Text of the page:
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H.O.E Poll
What homoeopathic potencies do you use?
C (Centesimal) 41.6%
C and LM 19.7%
X, C and LM 17.9%
LM (50 Millesimal) 11.1%
X (Decimal) 9.6%

Total votes: 8761


 
 
Version 2.04
Wounds and Cuts
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© David Little 1996-2007, all rights reserved.
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The goal in treating a cut is to stop the bleeding, prevent infection, and promote healing. Direct pressure over the cut with a clean bandage is usually enough to stop bleeding from a small cut. A slightly large wound may need to have the two edges of the cut pushed together and mended with a butterfly bandage. If the ends can not be brought together stitches are needed immediately. A wound should be cleaned by wiped outward, rather than inward, to prevent infection. A sterile bandage should be placed over the wound. If there is excessive bleeding refer to the section on bleeding. An abrasion is an injury to the upper layers of the skin only. An avulsion is a tearing of the skin. A laceration is caused by sharp objects that leave an uneven cut. An incised wound is a clean cut. A puncture wound is a deep, narrow hole cause by a sharp, long object. A crush injury is one which a part is smashed by a heavy weight.

Materia Medica

Aconite (1): Useful in the early stages of wounds when there is a sudden onset fever, heat, dryness, and thirst. The patient is restless, fearful and panicky. Predicts that they will die. This remedy may then be follow by another remedy specific to the wound.

Arnica (2): Useful in wound where the injury has the nature of a bruise more than an open wound. The parts are brown and blue and the edges of the wound can be well united. Prevents shock, infection, and pain in severe cuts, especially when concomitant to other traumatic injuries such as crush injuries and bullet wounds. It can be given immediately on injury and followed by Calendula and other remedies as needed. Removes the emotional shock or grief associated with accidents.

Calendula (3): The remedy is useful in incised and lacerated such as a deep gash in which the two sides can not be perfectly united and where flesh or skin comes off in pieces. Blooding and serous infiltration of cellular tissue in open wounds. Torn and jagged looking wounds that are very painful. Great tendency to start and twitch with nervousness. This is the best routine remedy in cuts to prevent infection and promote rapid healing. Use the remedy internally in potency and external in tincture on the wound.

Hypericum (2): Wounds form a thrust, cut, bruise or tearing asunder. Violent pains far around the wound and up through the limb. Reputed to be useful in the early stages of tetanus. Indicated in spasms of small children after every slight injury. Good for injuries to area that are rich in sensitive nerves such as fingers and toes. Splinters and thorns, esp. if pain travel along nerves. Lacerations that are intolerably painful and show involvement of the nervous system. scratches that are extremely painful. Cat scratch fever. Crush wounds. Gun shot wounds. Use internally and externally. They are worse < jarring, cold, and touch. In puncture wounds after Led. if there is extreme sensitivity and the pain moves upward.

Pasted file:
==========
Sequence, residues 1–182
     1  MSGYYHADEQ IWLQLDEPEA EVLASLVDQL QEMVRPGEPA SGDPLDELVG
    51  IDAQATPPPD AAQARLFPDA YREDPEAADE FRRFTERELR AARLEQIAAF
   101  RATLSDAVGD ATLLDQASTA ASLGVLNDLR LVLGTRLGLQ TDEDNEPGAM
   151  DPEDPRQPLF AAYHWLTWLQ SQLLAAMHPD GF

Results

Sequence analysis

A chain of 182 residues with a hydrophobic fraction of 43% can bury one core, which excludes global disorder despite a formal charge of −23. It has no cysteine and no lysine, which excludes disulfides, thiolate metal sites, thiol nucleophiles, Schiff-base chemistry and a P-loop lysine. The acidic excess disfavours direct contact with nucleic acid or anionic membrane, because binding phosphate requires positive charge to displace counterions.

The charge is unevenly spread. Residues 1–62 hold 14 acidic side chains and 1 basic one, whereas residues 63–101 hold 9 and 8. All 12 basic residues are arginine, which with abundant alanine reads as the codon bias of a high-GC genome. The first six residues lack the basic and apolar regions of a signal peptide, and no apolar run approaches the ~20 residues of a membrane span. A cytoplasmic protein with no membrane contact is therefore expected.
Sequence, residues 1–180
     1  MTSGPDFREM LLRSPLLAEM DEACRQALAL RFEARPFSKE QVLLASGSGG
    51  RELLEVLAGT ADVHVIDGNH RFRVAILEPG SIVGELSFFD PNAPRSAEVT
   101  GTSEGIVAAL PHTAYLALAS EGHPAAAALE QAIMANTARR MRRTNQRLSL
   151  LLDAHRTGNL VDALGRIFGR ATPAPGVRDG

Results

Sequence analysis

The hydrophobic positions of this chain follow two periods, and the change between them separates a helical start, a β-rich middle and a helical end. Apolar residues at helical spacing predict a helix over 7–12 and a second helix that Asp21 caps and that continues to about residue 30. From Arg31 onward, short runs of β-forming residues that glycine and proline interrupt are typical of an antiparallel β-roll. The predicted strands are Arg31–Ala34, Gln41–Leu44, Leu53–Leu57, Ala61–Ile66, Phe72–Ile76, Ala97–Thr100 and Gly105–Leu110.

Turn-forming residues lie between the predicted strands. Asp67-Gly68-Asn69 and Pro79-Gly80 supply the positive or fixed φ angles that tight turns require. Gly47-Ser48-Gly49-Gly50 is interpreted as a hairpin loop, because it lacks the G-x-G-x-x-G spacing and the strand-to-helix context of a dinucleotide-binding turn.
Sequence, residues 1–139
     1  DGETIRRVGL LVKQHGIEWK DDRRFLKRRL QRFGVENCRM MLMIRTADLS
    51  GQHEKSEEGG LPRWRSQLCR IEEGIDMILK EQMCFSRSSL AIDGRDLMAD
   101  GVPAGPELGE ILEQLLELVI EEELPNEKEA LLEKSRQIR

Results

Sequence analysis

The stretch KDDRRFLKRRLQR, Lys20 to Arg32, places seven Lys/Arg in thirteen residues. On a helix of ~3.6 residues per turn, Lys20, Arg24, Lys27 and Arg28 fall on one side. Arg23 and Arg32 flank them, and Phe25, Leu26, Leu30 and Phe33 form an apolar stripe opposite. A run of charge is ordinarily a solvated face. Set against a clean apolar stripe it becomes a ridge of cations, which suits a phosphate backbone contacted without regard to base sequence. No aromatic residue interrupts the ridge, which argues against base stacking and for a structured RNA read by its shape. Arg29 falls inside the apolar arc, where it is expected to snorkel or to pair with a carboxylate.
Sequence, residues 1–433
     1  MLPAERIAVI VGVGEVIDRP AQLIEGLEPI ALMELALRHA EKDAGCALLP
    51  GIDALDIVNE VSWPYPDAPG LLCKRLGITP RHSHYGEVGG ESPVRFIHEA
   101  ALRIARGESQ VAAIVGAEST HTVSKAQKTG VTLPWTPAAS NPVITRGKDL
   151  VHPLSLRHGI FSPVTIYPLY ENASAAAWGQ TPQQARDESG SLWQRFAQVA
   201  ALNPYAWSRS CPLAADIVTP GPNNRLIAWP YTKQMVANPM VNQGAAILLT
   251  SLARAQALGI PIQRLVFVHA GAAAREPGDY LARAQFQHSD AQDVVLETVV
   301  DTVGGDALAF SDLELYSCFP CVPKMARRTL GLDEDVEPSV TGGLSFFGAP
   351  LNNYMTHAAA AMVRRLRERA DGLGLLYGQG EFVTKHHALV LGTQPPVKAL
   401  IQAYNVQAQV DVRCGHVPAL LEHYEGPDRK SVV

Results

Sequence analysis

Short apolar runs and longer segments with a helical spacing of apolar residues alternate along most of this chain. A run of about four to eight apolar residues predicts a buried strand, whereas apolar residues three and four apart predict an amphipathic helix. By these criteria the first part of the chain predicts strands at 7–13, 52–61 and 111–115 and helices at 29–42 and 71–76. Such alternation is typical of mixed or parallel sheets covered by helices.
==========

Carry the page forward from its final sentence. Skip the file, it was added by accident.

Ledum (2): Wounds inflected by sharp instruments, puncture wounds which feel cold to touch and to the patient. Reputed to prevent tetanus. Useful in penetrating wounds to the palms and soles (pains travel upward, Hyper.). Painful splinters and thorns. The patient feels cold even during a fever. The patient feel cold yet wants to be uncovered, and is worse < heat, Better > cold applications.

Phosphorus (2): Even small wounds that bleed very much, but the blood coagulates after leaving the body. Wounds heal but then break open again. Bloody discharges. Refer to Bleeding. (Lach, no coagulation).

Staphisagria (3): Injuries from sharp cutting instrument, clean, incised wounds. Injuries from knifes, glass, or other objects that cause clean cuts. Surgical incisions, esp. after abdominal operations, post operative lesions that do not heal. Discharge from the wound is greenish in color. The individual is hypersensitive to the pain. They are worse < touch and better > warmth. Can be used internally and externally.

Repertorium

Wounds in general - Api.s, Arn., Ars., bell., CALEN., Echi., HYPER., Lach., LED., Phos., PYROG., rhus-t., Staph., Sul-ac.

Black - ars., Lach.

Bleeding - Arn., Lach., PHOS. (refer bleeding)

Bloody, open - CALEN.

Bluish - Apis, Lach., Led.

Cold - LED.

Crushed - arn., echi, Hyper., staph.

Festering - Apis., Ars., calen., echi., led., Pyrog..

Lymphangitis - Apis, Bell., bufo, echi., Lach, pyrog., Rhut-t..

Offensive - Calen, Pryog.

Painful - Apis., Arn., CALEN., Hep., HYPER., led., STAPH.

as if bruised , in morning - calen.

open - Hyper.

picking at it - calen.

proud flesh, stinging, purplish - lach.

suppurating, before - Hyper.

Septic - Apis, ars., Calen., HEP., echi., Hyper., Lach., led., PYROG.

Shock, preventative, if shock is present refer to shock - aco., Arn.

Suppurating - arn., Bell., Bufo., CALC-S., Calen., Led., SIL., Staph.

Disclaimer: This information is supplied for educational purposes only. It is not for the treatment of any individual person or disease. If you are suffering any particular complaint please consult a physician or call emergency services.

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